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In order for people to act in relation to climate change they need to make sense of it. For
societies across the world climate change is a relatively new phenomenon. We are witnessing the early development of societal sense-making; the social construction of meaning.
Multiple nuclei of meaning form are supported and grow into identifiable patterns, die out or remain peripheral through lack of social support. How the emerging patterns of meaning
unfold has important implications for how and when society responds to climate change.
Using a new approach to the collection and analysis of narrative, Lynam highlighted the rich insights on different social understandings of climate change and social
adaptation to climate change.
Lynam presented emerging patterns in social understanding of climate change as well as patterns in orientations to adaptation. These patterns also reveal characteristics of the social groups identified from these patterns.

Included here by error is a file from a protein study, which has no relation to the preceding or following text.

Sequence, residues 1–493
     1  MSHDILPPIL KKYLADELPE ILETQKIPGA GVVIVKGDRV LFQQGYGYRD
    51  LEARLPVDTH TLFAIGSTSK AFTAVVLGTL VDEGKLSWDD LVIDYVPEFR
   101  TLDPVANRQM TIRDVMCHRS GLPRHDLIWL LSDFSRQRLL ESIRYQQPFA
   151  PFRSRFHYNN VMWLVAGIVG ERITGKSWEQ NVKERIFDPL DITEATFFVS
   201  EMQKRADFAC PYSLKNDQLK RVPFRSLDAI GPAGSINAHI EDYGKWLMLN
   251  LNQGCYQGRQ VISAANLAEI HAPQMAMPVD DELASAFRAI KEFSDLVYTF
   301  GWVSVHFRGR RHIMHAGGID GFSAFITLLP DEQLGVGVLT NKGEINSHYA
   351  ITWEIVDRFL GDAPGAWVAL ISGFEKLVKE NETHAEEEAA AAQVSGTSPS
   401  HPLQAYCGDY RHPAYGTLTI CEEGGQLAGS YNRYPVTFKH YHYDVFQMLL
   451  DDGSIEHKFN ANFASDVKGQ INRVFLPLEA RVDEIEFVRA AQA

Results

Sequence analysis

He concluded with reflections on the strengths and weaknesses of the approach for making sense of phenomena such as climate change.
About Tim Lynam
Tim Lynam is a senior research scientist at the Commonwealth Scientific and Industrial Research Organisation (CSIRO). He is currently working on the social dimensions of adaptation to climate change as well as how society comes to understand climate change and why society has such difficulty solving sit.
Lynam has been leading the mental models working group of the Resilience Alliance for the past four years. This group focuses on understanding the relationships between sense of identity, sense of place and earth stewardship.
Lynam is also leading a new working group on grounding resilience in practice which seeks to get resilience theory grounded in everyday practice and learn from what practitioners have achieved.